In view of the current outbreak, you should boil your drinking water or use chlorine tablets to be sure that the drinking water that you have is safe. Sometimes people say we don't have a way of boiling our water or we don't have chlorine tablets. But you can even take the cleanest water you can find and put it in a clear plastic bottle and put it in the sun for several hours, the sun will kill the microbes responsible for the disease.

You should also be careful about other food that might be contaminated by bad water. For example, the raw vegetables that you buy in the market, you should be careful about the fruit and the vegetables. Before you eat them, if you are going to eat them raw, you should peel them. And if you don't eat them raw – you should cook them thoroughly. Cooking them will also kill the microbes.

As was mentioned earlier, Wednesday is World Hand Washing Day. Hand washing is another way to prevent this disease. You should wash your hands before you prepare food or before you eat any food. Always wash your hands with soap.

The Ministry of Public Health is managing the outbreak very well and they have taken all the necessary steps and we are working well with them. The health facilities are open - some of them are open 24 hours-a-day in case there are people with problems with diarrhoea. There are also some mobile teams which have gone to these areas.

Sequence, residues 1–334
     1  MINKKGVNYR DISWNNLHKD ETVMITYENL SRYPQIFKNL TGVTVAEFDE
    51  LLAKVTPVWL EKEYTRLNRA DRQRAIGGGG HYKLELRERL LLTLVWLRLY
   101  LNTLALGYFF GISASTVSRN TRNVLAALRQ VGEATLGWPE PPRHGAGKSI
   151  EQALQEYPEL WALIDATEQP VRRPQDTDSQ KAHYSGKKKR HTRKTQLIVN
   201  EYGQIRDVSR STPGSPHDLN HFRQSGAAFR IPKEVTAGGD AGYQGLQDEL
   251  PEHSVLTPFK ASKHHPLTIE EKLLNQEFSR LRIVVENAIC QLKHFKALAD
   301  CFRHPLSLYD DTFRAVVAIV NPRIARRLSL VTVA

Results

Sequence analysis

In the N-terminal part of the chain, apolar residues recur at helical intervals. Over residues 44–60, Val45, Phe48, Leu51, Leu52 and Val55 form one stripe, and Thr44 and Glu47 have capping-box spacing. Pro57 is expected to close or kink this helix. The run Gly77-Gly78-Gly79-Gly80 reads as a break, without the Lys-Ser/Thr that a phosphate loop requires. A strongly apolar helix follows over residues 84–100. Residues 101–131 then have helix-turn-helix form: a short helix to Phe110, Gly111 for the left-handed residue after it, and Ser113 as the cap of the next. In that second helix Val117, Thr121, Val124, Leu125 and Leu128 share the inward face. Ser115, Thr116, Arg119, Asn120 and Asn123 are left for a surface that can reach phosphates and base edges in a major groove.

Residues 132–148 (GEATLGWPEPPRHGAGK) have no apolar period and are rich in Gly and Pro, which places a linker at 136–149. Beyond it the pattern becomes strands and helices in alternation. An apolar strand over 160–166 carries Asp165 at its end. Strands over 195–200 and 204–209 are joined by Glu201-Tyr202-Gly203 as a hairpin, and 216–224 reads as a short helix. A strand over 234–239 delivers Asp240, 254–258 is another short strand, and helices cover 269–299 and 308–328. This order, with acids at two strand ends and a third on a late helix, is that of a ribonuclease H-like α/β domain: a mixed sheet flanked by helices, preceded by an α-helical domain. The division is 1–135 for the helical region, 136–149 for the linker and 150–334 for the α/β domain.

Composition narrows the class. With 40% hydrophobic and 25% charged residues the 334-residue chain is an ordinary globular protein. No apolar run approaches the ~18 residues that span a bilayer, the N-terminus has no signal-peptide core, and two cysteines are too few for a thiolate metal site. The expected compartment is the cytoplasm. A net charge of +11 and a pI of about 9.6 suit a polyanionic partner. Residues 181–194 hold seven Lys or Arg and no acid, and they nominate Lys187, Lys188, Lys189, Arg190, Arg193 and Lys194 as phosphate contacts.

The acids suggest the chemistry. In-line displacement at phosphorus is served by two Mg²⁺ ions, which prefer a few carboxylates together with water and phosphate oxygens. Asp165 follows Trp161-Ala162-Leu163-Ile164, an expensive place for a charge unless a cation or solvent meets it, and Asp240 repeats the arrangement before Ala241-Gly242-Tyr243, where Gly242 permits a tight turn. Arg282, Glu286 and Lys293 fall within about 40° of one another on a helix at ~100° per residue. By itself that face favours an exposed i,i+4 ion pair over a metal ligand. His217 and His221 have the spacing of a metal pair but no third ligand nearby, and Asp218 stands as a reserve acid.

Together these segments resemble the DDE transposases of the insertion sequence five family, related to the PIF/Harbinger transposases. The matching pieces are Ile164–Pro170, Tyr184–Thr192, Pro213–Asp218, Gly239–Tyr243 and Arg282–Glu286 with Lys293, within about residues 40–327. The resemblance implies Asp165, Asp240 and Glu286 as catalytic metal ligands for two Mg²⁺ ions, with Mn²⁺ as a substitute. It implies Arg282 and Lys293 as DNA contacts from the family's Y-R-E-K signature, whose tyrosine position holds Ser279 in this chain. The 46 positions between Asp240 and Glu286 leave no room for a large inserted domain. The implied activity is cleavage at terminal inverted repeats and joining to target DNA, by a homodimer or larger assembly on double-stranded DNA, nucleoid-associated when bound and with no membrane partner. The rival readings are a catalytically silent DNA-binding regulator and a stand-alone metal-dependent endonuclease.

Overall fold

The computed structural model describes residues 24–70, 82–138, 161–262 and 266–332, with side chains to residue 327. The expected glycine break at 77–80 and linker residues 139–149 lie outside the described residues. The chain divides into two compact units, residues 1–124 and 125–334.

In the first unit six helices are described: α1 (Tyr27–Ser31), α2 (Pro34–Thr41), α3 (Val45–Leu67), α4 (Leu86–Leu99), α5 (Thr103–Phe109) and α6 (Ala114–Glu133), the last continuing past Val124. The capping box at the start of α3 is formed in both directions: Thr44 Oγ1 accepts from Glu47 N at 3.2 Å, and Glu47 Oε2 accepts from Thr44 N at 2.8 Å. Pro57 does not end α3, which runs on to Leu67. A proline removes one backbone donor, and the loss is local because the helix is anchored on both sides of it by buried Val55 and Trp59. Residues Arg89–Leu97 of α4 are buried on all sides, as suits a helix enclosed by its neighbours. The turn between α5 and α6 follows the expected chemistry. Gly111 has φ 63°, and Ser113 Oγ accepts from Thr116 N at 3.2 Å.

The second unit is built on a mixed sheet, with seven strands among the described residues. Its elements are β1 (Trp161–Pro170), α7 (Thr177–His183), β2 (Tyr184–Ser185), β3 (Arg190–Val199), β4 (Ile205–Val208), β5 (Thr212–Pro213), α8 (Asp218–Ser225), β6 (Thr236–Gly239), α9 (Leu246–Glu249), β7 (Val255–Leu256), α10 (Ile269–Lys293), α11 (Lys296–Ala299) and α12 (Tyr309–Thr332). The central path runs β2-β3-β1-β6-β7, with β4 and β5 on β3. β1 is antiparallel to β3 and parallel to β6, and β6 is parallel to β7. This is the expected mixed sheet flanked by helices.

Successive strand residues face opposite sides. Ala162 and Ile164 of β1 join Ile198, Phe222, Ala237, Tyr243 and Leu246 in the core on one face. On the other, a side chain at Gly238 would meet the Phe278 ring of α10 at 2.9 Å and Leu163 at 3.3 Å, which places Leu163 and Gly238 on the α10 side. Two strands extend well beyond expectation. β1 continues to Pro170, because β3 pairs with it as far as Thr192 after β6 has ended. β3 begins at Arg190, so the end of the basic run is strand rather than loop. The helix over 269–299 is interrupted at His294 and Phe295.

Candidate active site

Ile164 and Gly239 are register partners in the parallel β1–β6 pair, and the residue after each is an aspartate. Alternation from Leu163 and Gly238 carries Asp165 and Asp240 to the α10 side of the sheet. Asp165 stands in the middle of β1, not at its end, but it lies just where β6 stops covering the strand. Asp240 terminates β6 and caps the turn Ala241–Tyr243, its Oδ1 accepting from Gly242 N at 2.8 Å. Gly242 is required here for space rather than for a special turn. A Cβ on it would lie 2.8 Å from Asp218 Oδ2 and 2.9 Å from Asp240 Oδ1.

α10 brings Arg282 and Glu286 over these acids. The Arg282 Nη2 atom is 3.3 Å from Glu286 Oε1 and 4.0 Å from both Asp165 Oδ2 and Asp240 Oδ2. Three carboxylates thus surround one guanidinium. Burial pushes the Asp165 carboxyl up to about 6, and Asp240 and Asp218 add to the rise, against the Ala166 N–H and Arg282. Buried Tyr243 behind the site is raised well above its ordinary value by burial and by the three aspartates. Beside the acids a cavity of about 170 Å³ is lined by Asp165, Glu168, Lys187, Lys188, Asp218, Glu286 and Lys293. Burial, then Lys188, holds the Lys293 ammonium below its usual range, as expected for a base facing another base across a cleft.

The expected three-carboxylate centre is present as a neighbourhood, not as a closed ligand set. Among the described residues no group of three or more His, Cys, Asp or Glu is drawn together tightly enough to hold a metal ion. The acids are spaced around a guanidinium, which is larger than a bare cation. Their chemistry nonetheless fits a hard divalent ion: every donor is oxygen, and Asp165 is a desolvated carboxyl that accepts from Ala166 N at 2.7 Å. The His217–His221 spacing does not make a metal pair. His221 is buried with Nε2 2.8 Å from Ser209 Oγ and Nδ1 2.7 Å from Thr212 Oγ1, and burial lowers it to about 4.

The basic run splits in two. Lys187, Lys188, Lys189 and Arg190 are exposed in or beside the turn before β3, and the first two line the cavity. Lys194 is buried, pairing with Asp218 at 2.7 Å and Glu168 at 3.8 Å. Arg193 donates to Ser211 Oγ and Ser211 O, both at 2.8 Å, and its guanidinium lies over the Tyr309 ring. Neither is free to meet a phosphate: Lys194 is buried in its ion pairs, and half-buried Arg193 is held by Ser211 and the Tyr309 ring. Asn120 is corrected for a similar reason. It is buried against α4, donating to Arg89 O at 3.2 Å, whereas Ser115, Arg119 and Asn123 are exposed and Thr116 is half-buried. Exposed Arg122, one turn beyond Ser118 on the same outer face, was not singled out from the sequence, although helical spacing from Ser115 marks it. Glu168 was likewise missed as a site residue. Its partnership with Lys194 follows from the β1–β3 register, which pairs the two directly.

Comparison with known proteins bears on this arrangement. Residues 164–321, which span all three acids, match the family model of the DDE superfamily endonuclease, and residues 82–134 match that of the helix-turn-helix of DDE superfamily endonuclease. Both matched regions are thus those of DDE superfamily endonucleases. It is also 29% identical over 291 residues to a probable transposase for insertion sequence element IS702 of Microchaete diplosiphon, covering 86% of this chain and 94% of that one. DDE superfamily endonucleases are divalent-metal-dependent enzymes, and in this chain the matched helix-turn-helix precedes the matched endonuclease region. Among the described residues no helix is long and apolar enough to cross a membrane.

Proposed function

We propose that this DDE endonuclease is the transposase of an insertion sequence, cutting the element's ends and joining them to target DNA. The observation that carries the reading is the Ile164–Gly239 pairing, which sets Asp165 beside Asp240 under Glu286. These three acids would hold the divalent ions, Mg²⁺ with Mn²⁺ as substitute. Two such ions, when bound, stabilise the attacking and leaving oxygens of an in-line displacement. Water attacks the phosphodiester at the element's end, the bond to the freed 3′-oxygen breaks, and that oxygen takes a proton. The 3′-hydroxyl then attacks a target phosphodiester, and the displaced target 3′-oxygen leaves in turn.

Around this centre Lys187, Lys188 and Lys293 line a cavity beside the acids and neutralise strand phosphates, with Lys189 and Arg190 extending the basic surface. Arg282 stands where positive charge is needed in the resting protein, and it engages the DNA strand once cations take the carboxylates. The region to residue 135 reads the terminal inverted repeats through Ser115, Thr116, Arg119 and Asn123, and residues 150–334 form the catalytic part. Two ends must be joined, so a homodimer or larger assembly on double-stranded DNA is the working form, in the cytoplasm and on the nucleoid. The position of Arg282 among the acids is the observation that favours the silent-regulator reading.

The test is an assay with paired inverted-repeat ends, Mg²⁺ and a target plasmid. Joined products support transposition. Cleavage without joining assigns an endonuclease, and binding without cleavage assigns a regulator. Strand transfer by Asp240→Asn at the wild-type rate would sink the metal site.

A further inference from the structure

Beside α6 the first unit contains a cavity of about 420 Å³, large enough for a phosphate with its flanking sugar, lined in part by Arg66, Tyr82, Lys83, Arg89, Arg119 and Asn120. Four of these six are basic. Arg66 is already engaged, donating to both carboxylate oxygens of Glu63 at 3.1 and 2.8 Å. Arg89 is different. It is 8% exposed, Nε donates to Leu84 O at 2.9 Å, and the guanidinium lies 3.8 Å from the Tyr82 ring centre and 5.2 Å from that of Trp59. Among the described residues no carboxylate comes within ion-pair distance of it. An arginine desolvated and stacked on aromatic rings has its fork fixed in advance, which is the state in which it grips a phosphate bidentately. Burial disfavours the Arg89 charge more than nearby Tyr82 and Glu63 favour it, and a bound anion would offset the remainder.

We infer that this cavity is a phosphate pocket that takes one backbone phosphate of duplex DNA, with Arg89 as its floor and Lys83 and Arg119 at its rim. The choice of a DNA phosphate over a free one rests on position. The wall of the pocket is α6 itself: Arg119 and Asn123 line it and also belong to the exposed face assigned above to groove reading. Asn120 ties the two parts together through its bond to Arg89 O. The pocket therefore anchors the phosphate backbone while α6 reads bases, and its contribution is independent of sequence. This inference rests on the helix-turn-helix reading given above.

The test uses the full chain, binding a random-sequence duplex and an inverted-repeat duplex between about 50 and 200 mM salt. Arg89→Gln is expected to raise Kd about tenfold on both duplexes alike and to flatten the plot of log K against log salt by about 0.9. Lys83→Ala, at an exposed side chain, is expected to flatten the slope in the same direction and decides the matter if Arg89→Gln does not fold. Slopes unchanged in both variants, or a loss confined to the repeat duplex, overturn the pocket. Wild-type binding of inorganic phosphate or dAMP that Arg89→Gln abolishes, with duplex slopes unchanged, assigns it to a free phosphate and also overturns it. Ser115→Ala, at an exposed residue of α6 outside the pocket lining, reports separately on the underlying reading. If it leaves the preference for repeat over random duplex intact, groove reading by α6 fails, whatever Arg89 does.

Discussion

If it happens that you or someone in your family becomes ill with diarrhoea, you should be sure that they continue taking fluids. For example, water or ORS or any kind of safe fluid that is available, any kind of liquid they should drink. If the diarrhoea is severe, they should be sure to go to the clinic, have treatment with the doctor.

As Dr. Fahim said there have been some deaths from diarrhoea but they are the people that did not go to the clinic on time. Those who have gone to the clinic have received life-saving treatment that they need. It is very important to go to the clinic in time and not delay. We hope everyone will take responsibility to use clean drinking water for themselves and their families and wash hands thoroughly before eating. By taking these simple step – you can help prevent this disease.